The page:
If you have modified a package to expand its functionality or to fix a
bug, you should contribute your changes back to the community (some
licenses force you to do so, and it is generally considered immoral not to).
Before creating the patch, you must first obtain the latest sources of the
package you wish to patch from CVS by running the commands (the package
in this example is Foo_Bar):
cvs -d:pserver:email@example.com:/repository login
password is phpfi
cvs -d:pserver:firstname.lastname@example.org:/repository co pear/Foo_Bar
Now that you have the latest sources, you can edit the relevant file(s).
Make sure that your patch is fully compatible with the PEAR coding
After you have finished adding/changing the code, TEST it: We will not
accept code that hasn't been carefully tested.
When you are absolutely sure the new code doesn't introduce bugs, create a
unified diff by running:
cvs diff -u >Foo_Bar.diff
The resulting .diff file contains your patch. This diff makes it easy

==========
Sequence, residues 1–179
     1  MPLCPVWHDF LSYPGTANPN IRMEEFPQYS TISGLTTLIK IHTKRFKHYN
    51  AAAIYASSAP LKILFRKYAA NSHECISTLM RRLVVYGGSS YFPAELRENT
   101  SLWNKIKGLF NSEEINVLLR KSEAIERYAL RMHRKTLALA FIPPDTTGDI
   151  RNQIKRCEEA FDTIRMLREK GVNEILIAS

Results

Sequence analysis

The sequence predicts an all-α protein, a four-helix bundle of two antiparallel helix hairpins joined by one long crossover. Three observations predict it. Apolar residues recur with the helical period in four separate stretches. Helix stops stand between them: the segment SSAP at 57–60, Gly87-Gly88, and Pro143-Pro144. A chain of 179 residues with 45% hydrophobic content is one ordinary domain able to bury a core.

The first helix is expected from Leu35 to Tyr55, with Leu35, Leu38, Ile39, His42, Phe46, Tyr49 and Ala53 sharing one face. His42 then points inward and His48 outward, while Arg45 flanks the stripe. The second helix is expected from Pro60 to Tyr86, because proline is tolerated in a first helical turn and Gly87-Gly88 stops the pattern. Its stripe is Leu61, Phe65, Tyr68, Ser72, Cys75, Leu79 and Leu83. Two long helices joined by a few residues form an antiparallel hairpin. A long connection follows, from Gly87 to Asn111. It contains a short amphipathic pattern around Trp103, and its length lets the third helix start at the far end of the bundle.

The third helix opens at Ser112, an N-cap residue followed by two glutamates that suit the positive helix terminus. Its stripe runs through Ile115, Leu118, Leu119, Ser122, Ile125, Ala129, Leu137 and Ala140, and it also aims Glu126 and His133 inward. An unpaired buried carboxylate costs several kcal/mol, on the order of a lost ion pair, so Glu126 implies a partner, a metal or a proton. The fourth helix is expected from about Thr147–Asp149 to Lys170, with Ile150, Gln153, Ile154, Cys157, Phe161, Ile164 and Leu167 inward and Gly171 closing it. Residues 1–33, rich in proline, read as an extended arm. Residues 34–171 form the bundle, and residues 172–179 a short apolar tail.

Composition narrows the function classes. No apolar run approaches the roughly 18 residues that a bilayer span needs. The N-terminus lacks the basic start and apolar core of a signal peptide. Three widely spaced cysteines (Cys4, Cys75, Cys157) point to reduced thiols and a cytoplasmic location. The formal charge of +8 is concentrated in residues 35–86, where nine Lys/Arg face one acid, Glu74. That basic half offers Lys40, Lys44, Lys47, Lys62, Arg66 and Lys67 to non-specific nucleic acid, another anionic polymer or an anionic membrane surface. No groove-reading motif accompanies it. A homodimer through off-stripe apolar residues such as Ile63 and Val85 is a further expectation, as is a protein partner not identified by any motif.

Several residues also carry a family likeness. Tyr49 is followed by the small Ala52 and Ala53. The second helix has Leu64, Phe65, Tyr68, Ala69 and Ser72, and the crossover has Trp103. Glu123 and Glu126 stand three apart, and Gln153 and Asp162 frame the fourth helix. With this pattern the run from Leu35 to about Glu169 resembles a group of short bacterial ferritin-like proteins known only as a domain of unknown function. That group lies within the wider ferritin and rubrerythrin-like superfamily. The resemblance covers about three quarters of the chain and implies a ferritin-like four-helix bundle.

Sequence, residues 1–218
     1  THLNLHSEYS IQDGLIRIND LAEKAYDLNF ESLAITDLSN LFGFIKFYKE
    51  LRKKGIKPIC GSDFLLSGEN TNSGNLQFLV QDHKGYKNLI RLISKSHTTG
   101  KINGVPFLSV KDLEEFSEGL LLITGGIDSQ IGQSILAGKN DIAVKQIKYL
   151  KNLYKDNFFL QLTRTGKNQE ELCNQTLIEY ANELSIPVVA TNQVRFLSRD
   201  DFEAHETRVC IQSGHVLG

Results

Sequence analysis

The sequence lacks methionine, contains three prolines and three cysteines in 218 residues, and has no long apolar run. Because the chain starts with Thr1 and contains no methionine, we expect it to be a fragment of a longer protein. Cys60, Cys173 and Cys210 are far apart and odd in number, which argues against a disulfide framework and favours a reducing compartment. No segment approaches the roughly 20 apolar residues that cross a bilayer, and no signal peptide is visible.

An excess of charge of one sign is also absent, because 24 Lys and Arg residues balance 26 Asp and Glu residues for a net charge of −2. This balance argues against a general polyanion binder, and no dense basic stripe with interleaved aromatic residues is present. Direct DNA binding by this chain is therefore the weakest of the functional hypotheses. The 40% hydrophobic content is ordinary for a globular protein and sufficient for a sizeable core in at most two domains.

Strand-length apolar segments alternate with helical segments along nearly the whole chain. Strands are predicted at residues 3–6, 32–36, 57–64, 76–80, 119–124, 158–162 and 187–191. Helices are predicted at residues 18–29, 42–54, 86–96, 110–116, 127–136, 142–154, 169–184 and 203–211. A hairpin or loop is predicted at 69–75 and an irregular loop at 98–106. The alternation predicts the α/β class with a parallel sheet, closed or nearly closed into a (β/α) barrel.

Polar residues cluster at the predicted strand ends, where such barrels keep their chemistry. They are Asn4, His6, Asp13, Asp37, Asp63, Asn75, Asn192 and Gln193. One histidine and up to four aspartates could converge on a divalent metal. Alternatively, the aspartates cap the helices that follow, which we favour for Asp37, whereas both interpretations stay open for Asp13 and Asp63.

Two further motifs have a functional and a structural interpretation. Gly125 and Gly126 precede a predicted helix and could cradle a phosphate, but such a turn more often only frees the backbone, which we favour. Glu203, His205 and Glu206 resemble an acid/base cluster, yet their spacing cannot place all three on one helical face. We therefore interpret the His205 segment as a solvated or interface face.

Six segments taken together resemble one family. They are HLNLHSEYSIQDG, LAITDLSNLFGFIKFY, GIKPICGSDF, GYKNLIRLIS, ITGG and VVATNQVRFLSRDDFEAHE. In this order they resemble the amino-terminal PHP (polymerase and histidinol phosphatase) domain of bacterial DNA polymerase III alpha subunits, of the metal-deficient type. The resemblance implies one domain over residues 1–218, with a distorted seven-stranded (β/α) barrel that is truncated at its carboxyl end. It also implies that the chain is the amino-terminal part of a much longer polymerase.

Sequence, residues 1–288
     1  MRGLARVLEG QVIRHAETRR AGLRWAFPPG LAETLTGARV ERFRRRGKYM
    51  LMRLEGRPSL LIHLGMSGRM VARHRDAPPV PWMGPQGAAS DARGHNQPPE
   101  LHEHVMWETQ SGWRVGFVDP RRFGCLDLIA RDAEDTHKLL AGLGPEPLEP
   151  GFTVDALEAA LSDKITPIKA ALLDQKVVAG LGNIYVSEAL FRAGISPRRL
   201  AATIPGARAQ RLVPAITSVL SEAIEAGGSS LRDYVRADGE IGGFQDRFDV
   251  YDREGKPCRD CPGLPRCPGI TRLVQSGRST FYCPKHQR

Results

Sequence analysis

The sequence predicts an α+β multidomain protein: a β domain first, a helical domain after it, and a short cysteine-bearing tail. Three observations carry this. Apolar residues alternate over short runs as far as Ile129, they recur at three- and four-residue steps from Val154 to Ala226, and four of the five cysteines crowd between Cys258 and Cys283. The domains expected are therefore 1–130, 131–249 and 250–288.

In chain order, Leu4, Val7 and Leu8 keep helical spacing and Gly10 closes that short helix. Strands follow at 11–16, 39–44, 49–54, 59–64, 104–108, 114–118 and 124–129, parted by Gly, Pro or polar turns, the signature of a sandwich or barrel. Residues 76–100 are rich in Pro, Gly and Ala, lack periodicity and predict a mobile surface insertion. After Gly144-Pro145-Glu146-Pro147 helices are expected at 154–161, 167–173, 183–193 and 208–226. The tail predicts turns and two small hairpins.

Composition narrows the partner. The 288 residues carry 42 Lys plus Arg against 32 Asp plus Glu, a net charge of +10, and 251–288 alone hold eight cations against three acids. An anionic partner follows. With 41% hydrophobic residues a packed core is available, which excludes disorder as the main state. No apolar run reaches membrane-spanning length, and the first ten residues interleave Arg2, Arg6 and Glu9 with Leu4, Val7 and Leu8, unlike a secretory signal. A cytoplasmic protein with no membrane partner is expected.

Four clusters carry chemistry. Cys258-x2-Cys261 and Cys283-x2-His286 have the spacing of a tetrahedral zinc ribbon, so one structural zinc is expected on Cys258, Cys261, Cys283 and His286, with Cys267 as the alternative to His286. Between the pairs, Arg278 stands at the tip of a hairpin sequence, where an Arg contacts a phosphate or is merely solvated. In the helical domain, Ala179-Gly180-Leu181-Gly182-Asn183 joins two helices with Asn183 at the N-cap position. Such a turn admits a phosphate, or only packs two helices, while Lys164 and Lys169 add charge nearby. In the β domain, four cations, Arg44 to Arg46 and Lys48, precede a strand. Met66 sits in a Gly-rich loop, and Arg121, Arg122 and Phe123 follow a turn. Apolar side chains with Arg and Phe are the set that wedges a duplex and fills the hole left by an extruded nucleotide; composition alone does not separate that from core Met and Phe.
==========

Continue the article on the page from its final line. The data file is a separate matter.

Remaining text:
for us to see what has been changed.
Next step is to submit the patch. Send a mail to email@example.com and
Cc the maintainer(s) of the package. The subject of the mail should be
prefixed with '[Patch]' to make it clear you are submitting a patch. Also
include a verbose explanation of what the patch does.
Don't forget to attach the .diff file to the mail. The maintainers of
the package are usually listed in the header of each source file. Apart
from that their email adresses are available on the package information
page on http://pear.php.net/.
If you are using Outlook or Outlook Express, please change the file
extension of the diff file to .txt, because Outlook's MIME-Type
detection depends on the file extension and attachments with a
MIME-Type not equal to text/plain will be rejected
by our mailinglist software.
If your patch does break backwards compatibility, the chances are fairly
good that the maintainers won't be happy about it. Thus you should always
try to fix a bug in a way that does not seriously change the public API.
But if there is absolutely no way to keep backwards compatibility and/or
if your patch contains a groundbraking improvement, even API changes are